I am feeling a great sense of anticipation as our team is about to head to the ice floes in Atlantic Canada to see the seals, in advance of the slaughter which is set to begin later this month. We are here to refocus a global audience on the largest marine mammal slaughter in the world.
© The HSUS
With Nigel Barker, fashion photographer and seal advocate. Nigel
designed this campaign T-shirt (sold here on our online store).
We finally got to Charlottetown on Prince Edward Island late last night. We had a bumpy plane flight into Halifax, as a major snow and wind storm kicked up. It prevented us from flying into Charlottetown, so my colleague John Grandy (who has been leading the fight to stop the seal hunt, along with Humane Society International’s Canadian Director Rebecca Aldworth) secured a rental van and drove four hours through the snow to get us to Charlottetown.
We are joined this year by Nigel Barker and his team. Nigel is one of the world’s most renowned photographers and a judge on "America’s Next Top Model." He’s got a fire in his belly on the issue, and he is determined to bring back images of the seal hunt to show the world and help stop this awful slaughter.
Here are some thoughts from Nigel and Rebecca as we prepare to visit the harp seal nursery.
Well it has already been quite a journey getting here but well worth it! We woke up this morning to a beautiful blue sky and lots of snow—looks like perfect weather to see the seal pups. I am so excited at the prospect of seeing these beautiful animals in their natural habitat and I am also gripped by the impending hunt only a few weeks away. Our job today is to celebrate the seals and this stunning frozen landscape. I hope my photos will encourage ecotourism to the region and prove once and for all that the color of ice should be white not red.
© The HSUS
Rebecca on a past visit to the seal nursery.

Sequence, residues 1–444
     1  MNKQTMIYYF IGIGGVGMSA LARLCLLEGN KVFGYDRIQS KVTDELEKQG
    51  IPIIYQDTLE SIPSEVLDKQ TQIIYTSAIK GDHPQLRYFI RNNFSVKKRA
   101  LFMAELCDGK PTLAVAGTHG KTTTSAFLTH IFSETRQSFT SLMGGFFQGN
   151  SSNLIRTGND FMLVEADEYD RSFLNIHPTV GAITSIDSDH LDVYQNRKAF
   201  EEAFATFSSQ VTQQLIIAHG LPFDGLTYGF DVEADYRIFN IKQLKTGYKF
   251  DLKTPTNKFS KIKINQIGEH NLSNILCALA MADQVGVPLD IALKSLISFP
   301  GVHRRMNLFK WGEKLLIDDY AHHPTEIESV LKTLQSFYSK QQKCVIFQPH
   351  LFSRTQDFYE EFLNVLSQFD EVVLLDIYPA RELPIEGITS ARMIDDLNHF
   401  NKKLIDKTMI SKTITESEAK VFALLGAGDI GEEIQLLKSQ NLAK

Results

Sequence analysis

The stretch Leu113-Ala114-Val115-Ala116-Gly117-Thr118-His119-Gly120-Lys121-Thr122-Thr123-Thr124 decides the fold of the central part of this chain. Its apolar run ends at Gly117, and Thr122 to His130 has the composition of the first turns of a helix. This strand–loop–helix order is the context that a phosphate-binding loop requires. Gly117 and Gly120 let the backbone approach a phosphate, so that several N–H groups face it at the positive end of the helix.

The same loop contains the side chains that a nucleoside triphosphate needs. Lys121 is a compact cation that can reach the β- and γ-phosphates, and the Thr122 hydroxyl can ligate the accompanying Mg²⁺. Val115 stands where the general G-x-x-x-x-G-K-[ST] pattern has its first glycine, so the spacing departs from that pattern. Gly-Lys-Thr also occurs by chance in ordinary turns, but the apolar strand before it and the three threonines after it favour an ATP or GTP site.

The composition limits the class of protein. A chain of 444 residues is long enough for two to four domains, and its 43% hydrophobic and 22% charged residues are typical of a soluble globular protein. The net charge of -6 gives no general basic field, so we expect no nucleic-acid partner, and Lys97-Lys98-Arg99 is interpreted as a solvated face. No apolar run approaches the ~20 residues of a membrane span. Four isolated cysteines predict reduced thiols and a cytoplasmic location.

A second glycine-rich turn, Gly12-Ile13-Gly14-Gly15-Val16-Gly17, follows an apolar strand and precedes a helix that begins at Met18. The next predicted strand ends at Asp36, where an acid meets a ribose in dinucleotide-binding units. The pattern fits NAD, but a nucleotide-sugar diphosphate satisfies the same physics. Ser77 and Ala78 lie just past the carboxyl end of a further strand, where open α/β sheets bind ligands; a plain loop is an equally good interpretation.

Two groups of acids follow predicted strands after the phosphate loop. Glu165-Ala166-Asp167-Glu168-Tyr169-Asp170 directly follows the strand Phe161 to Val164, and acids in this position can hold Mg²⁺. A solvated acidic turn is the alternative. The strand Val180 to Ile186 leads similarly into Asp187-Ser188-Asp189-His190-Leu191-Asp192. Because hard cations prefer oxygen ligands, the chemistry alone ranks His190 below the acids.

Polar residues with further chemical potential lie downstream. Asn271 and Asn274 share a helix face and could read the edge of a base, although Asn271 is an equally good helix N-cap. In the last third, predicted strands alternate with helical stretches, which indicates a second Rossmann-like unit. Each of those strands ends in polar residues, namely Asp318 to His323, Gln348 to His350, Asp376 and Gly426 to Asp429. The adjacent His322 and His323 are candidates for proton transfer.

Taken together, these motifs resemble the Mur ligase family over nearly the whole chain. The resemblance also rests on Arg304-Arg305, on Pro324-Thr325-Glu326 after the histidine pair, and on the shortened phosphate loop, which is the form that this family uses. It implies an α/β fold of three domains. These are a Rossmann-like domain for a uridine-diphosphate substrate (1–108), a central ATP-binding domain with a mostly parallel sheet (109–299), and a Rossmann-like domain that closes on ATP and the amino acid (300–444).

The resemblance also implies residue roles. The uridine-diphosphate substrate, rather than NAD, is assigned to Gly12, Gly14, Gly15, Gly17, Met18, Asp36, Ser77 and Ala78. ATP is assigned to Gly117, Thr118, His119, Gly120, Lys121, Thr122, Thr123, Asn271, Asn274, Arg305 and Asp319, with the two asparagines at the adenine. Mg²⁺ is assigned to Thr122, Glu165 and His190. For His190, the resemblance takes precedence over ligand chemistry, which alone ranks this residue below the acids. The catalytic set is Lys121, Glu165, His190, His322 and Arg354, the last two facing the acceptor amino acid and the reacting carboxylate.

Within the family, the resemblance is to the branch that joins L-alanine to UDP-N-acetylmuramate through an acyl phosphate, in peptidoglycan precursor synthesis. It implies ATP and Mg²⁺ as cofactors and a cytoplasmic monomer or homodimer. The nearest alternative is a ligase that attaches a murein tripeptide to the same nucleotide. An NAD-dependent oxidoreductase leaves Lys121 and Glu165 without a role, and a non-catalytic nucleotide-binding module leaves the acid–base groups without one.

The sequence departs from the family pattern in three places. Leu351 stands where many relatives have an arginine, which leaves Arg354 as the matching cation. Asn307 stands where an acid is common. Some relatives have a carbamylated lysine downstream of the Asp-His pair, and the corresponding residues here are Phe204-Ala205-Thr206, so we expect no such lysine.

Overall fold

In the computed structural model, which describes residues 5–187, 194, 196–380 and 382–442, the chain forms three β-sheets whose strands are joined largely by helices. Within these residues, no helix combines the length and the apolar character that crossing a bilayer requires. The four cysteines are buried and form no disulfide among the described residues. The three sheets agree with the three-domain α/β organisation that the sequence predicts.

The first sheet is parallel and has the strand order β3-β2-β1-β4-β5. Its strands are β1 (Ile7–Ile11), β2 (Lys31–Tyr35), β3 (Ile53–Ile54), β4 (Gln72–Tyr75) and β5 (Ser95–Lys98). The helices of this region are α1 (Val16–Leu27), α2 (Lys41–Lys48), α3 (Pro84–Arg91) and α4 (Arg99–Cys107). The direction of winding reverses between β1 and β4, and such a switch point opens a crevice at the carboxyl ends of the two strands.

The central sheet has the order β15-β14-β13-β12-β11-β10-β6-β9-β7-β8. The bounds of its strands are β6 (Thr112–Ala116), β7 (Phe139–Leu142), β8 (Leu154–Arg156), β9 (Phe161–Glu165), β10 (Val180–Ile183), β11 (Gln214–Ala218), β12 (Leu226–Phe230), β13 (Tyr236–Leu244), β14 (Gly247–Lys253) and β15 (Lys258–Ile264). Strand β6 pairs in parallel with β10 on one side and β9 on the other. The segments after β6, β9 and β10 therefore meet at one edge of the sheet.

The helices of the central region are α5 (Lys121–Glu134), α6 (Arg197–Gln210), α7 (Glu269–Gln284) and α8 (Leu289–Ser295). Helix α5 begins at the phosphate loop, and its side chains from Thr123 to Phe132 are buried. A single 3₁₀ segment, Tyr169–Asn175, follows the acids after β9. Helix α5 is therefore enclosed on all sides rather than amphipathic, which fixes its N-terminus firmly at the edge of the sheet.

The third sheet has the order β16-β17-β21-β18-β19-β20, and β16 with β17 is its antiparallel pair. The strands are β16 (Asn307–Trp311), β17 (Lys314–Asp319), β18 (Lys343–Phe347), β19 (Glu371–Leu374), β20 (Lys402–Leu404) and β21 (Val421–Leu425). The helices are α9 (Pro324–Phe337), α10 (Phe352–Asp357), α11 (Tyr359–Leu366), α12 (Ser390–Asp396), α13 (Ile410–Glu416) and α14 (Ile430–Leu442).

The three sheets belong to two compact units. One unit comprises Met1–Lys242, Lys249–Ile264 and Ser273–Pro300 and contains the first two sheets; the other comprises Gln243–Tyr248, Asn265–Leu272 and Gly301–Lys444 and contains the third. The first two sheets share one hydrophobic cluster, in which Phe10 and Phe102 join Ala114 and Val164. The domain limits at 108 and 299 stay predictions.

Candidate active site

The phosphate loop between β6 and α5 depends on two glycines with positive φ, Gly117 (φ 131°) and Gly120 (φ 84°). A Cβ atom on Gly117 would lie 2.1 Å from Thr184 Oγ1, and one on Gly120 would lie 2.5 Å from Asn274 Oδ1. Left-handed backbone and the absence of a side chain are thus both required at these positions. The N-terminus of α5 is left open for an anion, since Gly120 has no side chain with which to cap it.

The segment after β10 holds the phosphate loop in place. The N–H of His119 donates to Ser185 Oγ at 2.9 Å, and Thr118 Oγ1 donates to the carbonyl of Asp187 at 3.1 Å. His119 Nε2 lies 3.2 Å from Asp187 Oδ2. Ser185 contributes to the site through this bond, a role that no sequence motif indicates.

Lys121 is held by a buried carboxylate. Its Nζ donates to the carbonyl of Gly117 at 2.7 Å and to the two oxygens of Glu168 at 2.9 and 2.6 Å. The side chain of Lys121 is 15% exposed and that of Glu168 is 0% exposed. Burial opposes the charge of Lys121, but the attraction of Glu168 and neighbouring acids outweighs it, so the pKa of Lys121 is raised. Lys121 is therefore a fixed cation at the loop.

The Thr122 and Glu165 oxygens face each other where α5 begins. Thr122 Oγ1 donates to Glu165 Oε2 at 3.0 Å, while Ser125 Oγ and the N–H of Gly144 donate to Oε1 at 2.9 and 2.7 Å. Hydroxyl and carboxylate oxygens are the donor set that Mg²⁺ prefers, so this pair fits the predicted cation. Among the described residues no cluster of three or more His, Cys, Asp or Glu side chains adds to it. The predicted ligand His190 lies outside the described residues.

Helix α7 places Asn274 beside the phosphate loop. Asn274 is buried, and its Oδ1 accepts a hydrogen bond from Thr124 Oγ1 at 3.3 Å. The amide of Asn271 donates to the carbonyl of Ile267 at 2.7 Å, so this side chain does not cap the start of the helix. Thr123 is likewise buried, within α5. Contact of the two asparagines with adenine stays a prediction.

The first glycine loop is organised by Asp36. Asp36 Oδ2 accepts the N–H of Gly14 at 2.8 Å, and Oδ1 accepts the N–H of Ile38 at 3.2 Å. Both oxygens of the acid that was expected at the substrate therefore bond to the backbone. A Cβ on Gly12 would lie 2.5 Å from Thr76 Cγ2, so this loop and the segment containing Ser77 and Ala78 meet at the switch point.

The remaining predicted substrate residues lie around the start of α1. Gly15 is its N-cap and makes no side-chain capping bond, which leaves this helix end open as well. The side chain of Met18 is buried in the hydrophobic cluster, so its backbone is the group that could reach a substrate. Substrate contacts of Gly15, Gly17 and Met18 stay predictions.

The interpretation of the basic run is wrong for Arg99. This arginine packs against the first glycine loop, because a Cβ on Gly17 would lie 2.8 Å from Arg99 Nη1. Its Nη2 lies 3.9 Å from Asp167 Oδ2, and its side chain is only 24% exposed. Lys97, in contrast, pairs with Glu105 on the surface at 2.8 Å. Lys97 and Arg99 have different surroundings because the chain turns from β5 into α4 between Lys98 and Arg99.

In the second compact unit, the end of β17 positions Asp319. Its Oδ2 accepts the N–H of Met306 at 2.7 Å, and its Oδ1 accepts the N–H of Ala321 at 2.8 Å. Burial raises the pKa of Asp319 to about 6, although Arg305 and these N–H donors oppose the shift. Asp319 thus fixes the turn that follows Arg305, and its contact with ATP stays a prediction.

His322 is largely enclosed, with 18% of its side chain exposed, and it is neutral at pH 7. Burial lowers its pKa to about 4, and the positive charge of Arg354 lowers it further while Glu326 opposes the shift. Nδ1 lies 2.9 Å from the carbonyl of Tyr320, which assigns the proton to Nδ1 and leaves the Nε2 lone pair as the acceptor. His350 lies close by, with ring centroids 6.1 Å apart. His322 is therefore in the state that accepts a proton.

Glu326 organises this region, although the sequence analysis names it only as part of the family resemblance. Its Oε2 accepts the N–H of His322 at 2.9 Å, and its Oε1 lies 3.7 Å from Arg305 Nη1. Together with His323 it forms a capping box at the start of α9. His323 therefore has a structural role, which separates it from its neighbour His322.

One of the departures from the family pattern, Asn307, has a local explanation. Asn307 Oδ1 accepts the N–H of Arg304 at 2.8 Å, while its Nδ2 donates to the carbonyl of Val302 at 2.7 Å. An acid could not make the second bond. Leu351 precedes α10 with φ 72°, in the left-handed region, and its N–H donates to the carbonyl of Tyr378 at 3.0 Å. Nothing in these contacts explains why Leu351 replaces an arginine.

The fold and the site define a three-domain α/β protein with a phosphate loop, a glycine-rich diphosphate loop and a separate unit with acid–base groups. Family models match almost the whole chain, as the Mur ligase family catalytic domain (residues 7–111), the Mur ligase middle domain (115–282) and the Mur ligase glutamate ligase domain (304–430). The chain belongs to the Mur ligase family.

Every year this icy landscape, filled with nursing pups and their mothers, astounds me. It is one of the greatest wildlife scenes on this planet.
However, it is one that is about to be turned into an open-air slaughterhouse. It is hard to imagine that within weeks, these defenseless baby seals will be killed for their fur.
This trip to the seal nursery is an essential part of our effort to publicize the beauty of this scene, to showcase the ecotourism opportunities that exist here. Live seals should be worth more to this region, and to Canada, than dead ones.
Years ago, Canada ended commercial hunting of whales. Canada invested in whale watching, developing one of the most important tourism attractions in the country. Today, whale watching is a vital part of the economy, with tourists flocking from all regions of the globe to watch the magnificent creatures in their habitat. Today, few would argue that the tourism industry is worth more to Canada than whale hunting.
It is my hope that seal watching will soon replace seal hunting in Canada and that tourists will only remember the seal hunt as a part of the distant past. If this trip succeeds in waking the world to the plight of the seals, that day may come very soon.